From classical composer, Wolfgang Amadeus Mozart to pop icon Sir Elton John, an incredible number of famous musicians, dead and alive, whatever genre of music they’re best known for, have had their life and career put on screen throughout the history of world cinema. Biopics, in fact, are not only meant to portray politicians or historical heroes but all kinds of more or less public figures whose life and achievements make up anecdotal stories worthy to be known by as many people as possible, remarkable people who deserve to be forever remembered and celebrated. Musicians, bands and singers who’ve made and are making history with their unparalleled talent, iconic melodies and lyrics, and rather peculiar life paths, perfectly fit the category of raw material for biopics. Here we’ve made a selection of our personal favorites, ranking them from the worst to the best feature. If you feel like learning more about your musical heroes, or if you’re in the mood for some unbelievable real-life music-related stories, take a look at the list of our top music biopics and sort out your personal winner.
“La Vie en Rose” (2007)
Directed by: Olivier Dahan.
Starring: Marion Cotillard, Sylvie Testud, Clotilde Courau, Gérard Depardieu.
The biographical musical film is a non-linear ensemble of key events from the life of French singer Édith Piaf (Cotillard), titled after her signature song of the same name. The storyline follows the tragedies and successes of one of the most legendary artists of the French and international musical scene. Born in Paris’ downtown in 1915, her voice became famous from the very beginning of her street singer career, up until her rise to fame thanks to manager Louis Leplée (Depardieu). The movie retraces the numerous misfortunes and adversities she had to deal with growing up: neglected by an unaffectionate mother, she got into car accidents, hepatic comas, surgical operations, and painful deforming rheumatisms. Despite a very unhappy life and early death, Édith will always be remembered for her extraordinarily versatile voice and iconic songs.
Signature songs: “La vie en rose,” Non, je ne regrette rien.”
Directed by: Taylor Hackford.
Starring: Jamie Foxx, Regina King, Kerry Washington, Curtis Armstrong.
Set in southern USA between the 1940s and 1960s, the movie covers the childhood and adulthood of one of the most precious Afro-American legends in the musical landscape, Ray Charles (Foxx). The life of the rhythm and blues icon had very humble beginnings in Georgia: he went blind when he was 7, either because of an eye infection or, according to some, as a consequence of the trauma of seeing his brother drowning. His blindness, though, didn’t stop him from pursuing his greatest passion, the piano: his incredible force of character and a caring and supporting mother pushed him to study music and clarinet at an institute for blind children. The movie follows Charles’ rise to success and controversial adult lifestyle, from his severe drug addiction to the 12 children he had from 7 different women.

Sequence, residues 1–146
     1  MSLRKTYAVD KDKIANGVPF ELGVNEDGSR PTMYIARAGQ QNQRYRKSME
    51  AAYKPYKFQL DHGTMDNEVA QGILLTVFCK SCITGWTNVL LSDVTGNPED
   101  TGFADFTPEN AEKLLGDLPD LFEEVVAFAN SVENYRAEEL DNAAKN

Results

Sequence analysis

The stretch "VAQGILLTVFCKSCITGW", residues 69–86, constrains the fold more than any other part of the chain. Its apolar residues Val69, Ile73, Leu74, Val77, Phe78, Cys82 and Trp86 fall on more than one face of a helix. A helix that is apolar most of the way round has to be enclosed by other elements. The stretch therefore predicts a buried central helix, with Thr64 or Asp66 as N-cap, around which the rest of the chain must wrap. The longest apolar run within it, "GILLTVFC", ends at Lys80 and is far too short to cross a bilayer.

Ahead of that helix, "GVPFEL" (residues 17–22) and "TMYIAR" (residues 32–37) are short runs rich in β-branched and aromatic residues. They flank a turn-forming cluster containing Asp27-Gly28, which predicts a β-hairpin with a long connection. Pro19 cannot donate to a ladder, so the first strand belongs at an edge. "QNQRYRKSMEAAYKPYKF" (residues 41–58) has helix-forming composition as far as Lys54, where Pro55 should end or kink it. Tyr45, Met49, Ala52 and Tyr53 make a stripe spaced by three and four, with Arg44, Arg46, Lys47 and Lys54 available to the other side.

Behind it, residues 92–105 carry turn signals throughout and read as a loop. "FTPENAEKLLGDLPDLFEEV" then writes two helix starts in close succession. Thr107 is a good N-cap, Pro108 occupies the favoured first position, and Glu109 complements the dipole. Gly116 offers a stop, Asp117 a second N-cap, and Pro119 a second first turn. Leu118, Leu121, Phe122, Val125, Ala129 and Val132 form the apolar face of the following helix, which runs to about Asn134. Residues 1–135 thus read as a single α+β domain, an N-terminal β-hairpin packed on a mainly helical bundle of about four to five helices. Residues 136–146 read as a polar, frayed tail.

Signature songs: “Baby, Let Me Hold Your Hand,” “I Got a Woman.”
“Nowhere Boy” (2009)
Directed by: Sam Taylor-Johnson.
Starring: Aaron Taylor-Johnson, Kristin Scott Thomas, Anne-Marie Duff, Thomas Sangster.
This music biopic tells the tumultuous adolescence of one of the most iconic music personalities in world history: John Lennon (Taylor-Johnson). Set in Liverpool in the mid-1950s, the story begins with a snapshot of 15-year-old John’s life with his maternal uncle and aunt. After the death of his uncle, the boy starts having a very hard time living with severe and oppressive aunt Mimi (Scott-Thomas), especially after finding out she’s never told him that his mother Julia (Duff) is still alive and owns a house in a nearby town. It is after meeting and catching up with her that John discovers his passion and talent for rock music: he buys his first guitar and starts a band with some of his schoolmates, including his soon-to-be lifetime friend Paul McCartney (Sangster). Between unexpected revelations about the Lennons’ past and sudden, non-erasable tragedies, the rest is history.
Signature songs: “Nowhere Man,” “In Spite Of All The Danger.”
“Bohemian Rhapsody” (2018)
Directed by: Brian Singer.
Starring: Rami Malek, Lucy Boynton, Gwilym Lee, Ben Hardy, Joseph Mazzello.
The Oscar-winning musical covers the first 15 years of life and career of British rock band Queen, with a special focus on the struggled and controversial existence of its frontman Freddy Mercury (Malek). In London’s suburbs in the 1970s, Farrokh Bulsara lives with his family waiting for fame and glory to knock on his door and free him from his oppressive Parsi father, who pushes for him to get a job and find a good wife. Women and desk jobs, however, are far from what Farrokh is dreaming for himself, a natural artist with a huge passion for music and a unique singing, playing and song-writing talent. After meeting and convincing guitarist Brian May (Lee) and drummer Roger Taylor (Hardy) to let him join their band as the lead singer, the adventure begins. Leaving his Farrokh past behind, the newly self-named Freddy Mercury, May, Taylor and bassist John Deacon (Mazzello) become the Queen, an alternative and fearless band ready to shine as bright as no one else and take over global charts and the music industry as a whole, despite the debauched and troubled life of the soon-to-be-legendary frontman.